Home » Across Borders » Trends in the Logistics Sector
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DURING the PortCalls Cargo Economics Conference held last Thursday, we made a brief presentation on Flash Points in the Logistics Industry: What to Watch Out For in the Coming Year.

Below is a short discussion of our presentation.

The Changing Landscape. In the last few years, we have seen creeping developments in the logistics sector which we feel will greatly impact on the industry going forward.

For one, we have witnessed mergers and acquisitions of large global logistics companies such as DHL and Exel, Schenker and BaxGlobal, to name a few. Obviously, the main reason for the merger or acquisition is to maximize on the strengths of the merging units and to identify synergies for growing the business even more.

We have also seen the trend toward integrated supply chain services. The traditional logistics service typically involves just forwarding and customs clearance services. In recent years, there has been a rise in door-to-door type of service even for full container load (FCL) shipments, resulting in the growing use of the DDP and DDU (INCOTERM 2000) terms of trade. More than that, companies are partnering with logistics companies to address supply chain concerns and to provide additional services such as inventory and warehousing management, domestic distribution and other value-added services (e.g. kitting, consolidation and bundling).

Drivers to Change. What are the reasons for these creeping changes? These are brought about by a confluence of many factors.

We have seen big business change its mindset on how it derives profits from operations, which is basically to focus on cutting business cost and increasing market share. With increasing competition from both domestic products and imports, companies can no longer dictate their prices on consumers. In fact, consumers now dictate the prices based on what is available in the market, and business must produce and sell products based on prices acceptable to the intended market. There is less flexibility in how companies set their selling prices so that now, the way to increasing profit margin is to identify cost-saving measures, such as logistics costs, which typically constitutes 20-30% of the total purchase cost of a particular product.

Another development is the shift in the supply chain model for bringing goods to the market. For many companies, particularly those in the electronics and consumer goods sectors, products are now sold even before the same are produced. To illustrate, one can now buy laptops and other electronic products via the internet and the orders are normally delivered within 30 days. In such transactions, the particular item is only produced or manufactured once the order is placed and paid for via the internet. There is much emphasis on ensuring that goods are manufactured and delivered to the customer within the agreed timeline or, in other words, ‘just-in-time’.

International trade experts have estimated that related party transactions constitute at least 60% of international trade. This means that multinational companies drive global trade and, as such, the changes in how these companies conduct their business will likely impact significantly on the logistics industry. It is now typical for major multinational companies to source their supply of services and goods on a regional or global scale. These companies require suppliers of services and goods to have regional or global presence. Failing that, logistics companies are automatically disqualified from providing their services.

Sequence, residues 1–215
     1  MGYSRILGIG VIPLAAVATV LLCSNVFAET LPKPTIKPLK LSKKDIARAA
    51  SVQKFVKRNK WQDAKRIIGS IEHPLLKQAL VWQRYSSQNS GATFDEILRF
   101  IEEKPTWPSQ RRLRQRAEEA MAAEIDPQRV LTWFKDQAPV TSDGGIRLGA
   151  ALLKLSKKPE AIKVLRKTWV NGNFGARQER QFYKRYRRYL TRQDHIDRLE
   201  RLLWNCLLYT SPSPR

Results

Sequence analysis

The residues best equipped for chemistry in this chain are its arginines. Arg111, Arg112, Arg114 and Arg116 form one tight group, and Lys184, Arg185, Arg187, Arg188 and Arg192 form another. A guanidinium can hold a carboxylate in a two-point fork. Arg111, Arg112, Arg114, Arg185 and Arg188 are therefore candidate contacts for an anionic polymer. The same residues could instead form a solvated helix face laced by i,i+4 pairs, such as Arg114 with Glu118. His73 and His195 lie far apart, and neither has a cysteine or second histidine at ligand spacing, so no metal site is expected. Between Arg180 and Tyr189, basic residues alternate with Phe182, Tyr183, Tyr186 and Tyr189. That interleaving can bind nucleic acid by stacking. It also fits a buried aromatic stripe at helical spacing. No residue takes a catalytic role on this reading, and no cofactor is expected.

How Companies are Adopting. To adopt to increasing competition and to address the changing demands and requirements of big business, major logistics companies are either providing an additional array of services or providing custom-made supply chain solutions to specific customers. In addition to the typical end-to-end solutions such as integrated inbound logistics or door-to-door deliveries, logistics companies have ventured into providing additional value-added services not only to maintain their business but to create additional revenue streams at the same time address demands of particular clients. Among these value-added services are:

  1. Warehousing and inventory management
  2. Vendor hubs /supplier parks
  3. Customs and trade advisory services
  4. Transport management
  5. Kitting, packaging and bundling

Customs and Trade Developments. There have also been recent developments in the customs and trade front which we feel will likely impact on the logistics sector in the coming months and years.

As discussed in a previous article, the forthcoming implementation of the AsycudaWORLD will definitely change how logistics companies clear goods with customs. The new program basically allows online filing and releasing of import entries with customs, thereby reducing interface with customs personnel and minimizing processing costs and clearance time.

Similarly, the ongoing implementation of numerous free trade agreements will affect the regulatory environment for clearing goods coming from the country’s trading partners. This will particularly apply on importations that avail of lower import tariffs.

The author is an international trade and customs consultant, and a licensed customs broker. He is also a regular lecturer on logistics, indirect tax, customs and supply chain. Please contact aouvero@dlugms.com for your comments

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